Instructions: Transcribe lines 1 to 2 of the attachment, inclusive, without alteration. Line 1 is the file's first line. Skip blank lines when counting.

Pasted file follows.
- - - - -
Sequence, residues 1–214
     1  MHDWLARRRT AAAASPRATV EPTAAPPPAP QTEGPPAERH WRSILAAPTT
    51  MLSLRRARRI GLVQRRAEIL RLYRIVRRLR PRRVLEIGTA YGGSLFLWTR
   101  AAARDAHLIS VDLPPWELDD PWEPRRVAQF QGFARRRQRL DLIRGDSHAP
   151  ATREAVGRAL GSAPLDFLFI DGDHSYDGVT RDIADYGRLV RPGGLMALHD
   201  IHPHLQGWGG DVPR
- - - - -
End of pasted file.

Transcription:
Sequence, residues 1–214
     1  MHDWLARRRT AAAASPRATV EPTAAPPPAP QTEGPPAERH WRSILAAPTT